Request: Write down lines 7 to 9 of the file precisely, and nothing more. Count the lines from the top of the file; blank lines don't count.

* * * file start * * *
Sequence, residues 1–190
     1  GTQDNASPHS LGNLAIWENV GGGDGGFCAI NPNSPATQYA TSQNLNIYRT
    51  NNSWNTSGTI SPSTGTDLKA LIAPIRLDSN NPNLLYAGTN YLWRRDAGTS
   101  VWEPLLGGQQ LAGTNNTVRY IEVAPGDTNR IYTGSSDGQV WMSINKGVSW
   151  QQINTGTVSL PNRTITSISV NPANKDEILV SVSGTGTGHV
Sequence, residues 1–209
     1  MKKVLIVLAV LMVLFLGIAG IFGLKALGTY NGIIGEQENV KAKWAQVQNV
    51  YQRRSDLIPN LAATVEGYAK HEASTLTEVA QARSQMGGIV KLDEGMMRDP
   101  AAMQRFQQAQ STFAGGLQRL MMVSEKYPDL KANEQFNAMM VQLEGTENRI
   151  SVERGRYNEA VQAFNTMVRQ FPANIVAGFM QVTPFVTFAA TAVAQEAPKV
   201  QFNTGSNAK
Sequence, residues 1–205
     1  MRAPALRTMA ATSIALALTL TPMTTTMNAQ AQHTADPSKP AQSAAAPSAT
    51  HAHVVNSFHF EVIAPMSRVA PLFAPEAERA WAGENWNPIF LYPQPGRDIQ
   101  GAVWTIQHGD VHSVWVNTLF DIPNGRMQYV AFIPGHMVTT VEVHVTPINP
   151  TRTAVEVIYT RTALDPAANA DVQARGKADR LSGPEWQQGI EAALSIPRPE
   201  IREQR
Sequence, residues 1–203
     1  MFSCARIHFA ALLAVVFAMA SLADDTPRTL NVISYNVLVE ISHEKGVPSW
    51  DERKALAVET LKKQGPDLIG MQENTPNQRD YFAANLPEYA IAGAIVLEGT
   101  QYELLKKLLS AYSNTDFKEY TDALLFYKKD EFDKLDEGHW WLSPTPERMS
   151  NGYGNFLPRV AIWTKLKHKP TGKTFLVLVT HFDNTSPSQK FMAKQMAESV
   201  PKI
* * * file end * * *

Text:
     1  MKKVLIVLAV LMVLFLGIAG IFGLKALGTY NGIIGEQENV KAKWAQVQNV
    51  YQRRSDLIPN LAATVEGYAK HEASTLTEVA QARSQMGGIV KLDEGMMRDP
   101  AAMQRFQQAQ STFAGGLQRL MMVSEKYPDL KANEQFNAMM VQLEGTENRI